2001 Baltimore Orioles season
|2001 Baltimore Orioles|
|Major League affiliations|
|General manager(s)||Syd Thrift|
(Jim Palmer, Michael Reghi, Mike Flanagan)
(Fred Manfra, Jim Hunter, Chuck Thompson)
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- October 5, 2000: Trenidad Hubbard was released by the Baltimore Orioles.
- December 20, 2000: Mike Bordick was signed as a Free Agent with the Baltimore Orioles.
In June 2001, Cal Ripken, Jr. announced that he would retire at the end of the season. He was voted the starting third baseman in the All-Star game at Safeco Field on July 10, 2001 in Seattle. In a tribute to Ripken's achievements and stature in the game, shortstop Alex Rodriguez (unknowingly foreshadowing his own future) insisted on exchanging positions with third baseman Ripken for the first inning, so that Ripken could play shortstop as he had for most of his career. In the third inning, Ripken made his first plate appearance and was greeted with a standing ovation. Ripken then homered off the first pitch from Chan Ho Park. Ripken ended up with All-Star MVP honors. He is the only AL player in MLB history with multiple All Star Game MVP Awards (1991 and 2001).
Ripken's #8 was retired by the Baltimore Orioles in a ceremony before the final home game of the 2001 season. Ripken's final game was originally set to be played at Yankee Stadium; however, all Major League Baseball games from September 11 to 17 were postponed due to the terrorist attacks on New York City and the Pentagon. The Orioles were at home during the attacks, so the games missed were added on to the end of the season's schedule, which changed the location of Ripken's final game to Oriole Park, much to the delight of Orioles fans. Cal Ripken ended his career in the on deck circle in the bottom of the ninth inning. Longtime teammate Brady Anderson, also playing in his last game for the Orioles, swung and missed a fastball high and tight on a 3–2 count to end the game. In his final season, Ripken had the lowest zone rating of all major league third basemen (.734).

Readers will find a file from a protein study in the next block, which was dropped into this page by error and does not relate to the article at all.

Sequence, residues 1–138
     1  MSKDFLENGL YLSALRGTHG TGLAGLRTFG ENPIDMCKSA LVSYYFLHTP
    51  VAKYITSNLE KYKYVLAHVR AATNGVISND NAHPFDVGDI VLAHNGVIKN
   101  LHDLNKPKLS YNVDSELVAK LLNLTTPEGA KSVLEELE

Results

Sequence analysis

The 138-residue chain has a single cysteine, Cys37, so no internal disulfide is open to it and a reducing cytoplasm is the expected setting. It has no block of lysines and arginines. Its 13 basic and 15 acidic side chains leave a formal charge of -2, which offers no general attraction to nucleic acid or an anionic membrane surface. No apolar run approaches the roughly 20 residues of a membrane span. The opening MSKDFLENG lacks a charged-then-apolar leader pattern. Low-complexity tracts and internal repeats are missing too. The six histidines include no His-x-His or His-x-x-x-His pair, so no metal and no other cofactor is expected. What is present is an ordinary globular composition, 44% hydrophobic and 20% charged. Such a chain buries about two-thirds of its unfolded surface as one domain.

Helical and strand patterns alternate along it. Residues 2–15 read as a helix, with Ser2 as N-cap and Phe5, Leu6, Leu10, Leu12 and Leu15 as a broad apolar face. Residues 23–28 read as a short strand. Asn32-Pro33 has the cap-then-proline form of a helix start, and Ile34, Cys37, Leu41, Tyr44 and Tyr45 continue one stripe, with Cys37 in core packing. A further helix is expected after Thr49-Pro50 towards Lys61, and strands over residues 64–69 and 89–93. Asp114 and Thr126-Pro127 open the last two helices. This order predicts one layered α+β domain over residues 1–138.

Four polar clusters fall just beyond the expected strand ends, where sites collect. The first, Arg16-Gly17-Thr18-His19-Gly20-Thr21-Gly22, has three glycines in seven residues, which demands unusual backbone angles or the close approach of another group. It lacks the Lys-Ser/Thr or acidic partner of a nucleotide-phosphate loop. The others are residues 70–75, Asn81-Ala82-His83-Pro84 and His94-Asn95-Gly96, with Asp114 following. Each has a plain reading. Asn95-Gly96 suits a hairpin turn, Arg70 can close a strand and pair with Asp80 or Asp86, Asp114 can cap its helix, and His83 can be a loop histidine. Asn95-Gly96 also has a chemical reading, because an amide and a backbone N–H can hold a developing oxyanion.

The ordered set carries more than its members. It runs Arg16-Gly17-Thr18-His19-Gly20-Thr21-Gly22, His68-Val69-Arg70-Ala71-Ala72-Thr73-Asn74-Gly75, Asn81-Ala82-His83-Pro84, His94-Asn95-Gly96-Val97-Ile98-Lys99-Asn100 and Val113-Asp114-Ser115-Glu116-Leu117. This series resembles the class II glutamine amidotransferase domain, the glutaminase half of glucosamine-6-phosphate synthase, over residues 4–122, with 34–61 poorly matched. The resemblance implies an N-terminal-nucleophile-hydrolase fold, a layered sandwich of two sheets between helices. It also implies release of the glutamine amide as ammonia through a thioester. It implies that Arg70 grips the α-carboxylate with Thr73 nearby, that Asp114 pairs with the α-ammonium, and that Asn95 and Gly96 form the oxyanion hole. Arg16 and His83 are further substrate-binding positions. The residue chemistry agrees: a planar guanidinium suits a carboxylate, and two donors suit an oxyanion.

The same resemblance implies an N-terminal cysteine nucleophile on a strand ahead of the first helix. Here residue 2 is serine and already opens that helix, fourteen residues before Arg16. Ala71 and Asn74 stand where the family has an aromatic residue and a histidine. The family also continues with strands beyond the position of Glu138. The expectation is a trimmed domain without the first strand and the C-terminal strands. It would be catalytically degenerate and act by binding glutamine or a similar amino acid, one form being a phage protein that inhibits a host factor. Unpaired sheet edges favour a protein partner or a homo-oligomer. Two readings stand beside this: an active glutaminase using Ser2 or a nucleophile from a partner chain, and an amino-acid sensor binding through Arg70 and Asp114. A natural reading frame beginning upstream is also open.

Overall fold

Opening Day starters
- Brady Anderson
- Mike Bordick
- Delino DeShields
- Brook Fordyce
- Jerry Hairston, Jr.
- Pat Hentgen
- Melvin Mora
- Chris Richard
- Cal Ripken, Jr.
- David Segui
|New York Yankees||95||65||0.594||—||51–28||44–37|
|Boston Red Sox||82||79||0.509||13½||41–40||41–39|
|Toronto Blue Jays||80||82||0.494||16||40–42||40–40|
|Tampa Bay Devil Rays||62||100||0.383||34||37–44||25–56|
Record vs. opponents
2001 American League Records
- June 25, 2001: Tony Batista was selected off waivers by the Baltimore Orioles from the Toronto Blue Jays.
|2001 Baltimore Orioles|
Note: G = Games played; AB = At Bats; H = Hits; Avg. = Batting Average; HR = Home Runs; RBI = Runs Batted In
|AAA||Rochester Red Wings||International League||Andy Etchebarren|
|AA||Bowie Baysox||Eastern League||Dave Machemer|
|A||Frederick Keys||Carolina League||Dave Cash|
|A||Delmarva Shorebirds||South Atlantic League||Joe Ferguson|
|Rookie||Bluefield Orioles||Appalachian League||Joe Almaraz|
|Rookie||GCL Orioles||Gulf Coast League||Jesus Alfaro|
- Mike Bordick Statistics - Baseball-Reference.com
- 2001 Baltimore Orioles Roster by Baseball Almanac
- Johnson, Lloyd, and Wolff, Miles, ed., The Encyclopedia of Minor League Baseball, 3rd edition. Durham, North Carolina: Baseball America, 2007
- Baseball America 2002 Directory. Durham, North Carolina: Baseball America, 2002
- 2001 Baltimore Orioles team page at Baseball Reference
- 2001 Baltimore Orioles season at baseball-almanac.com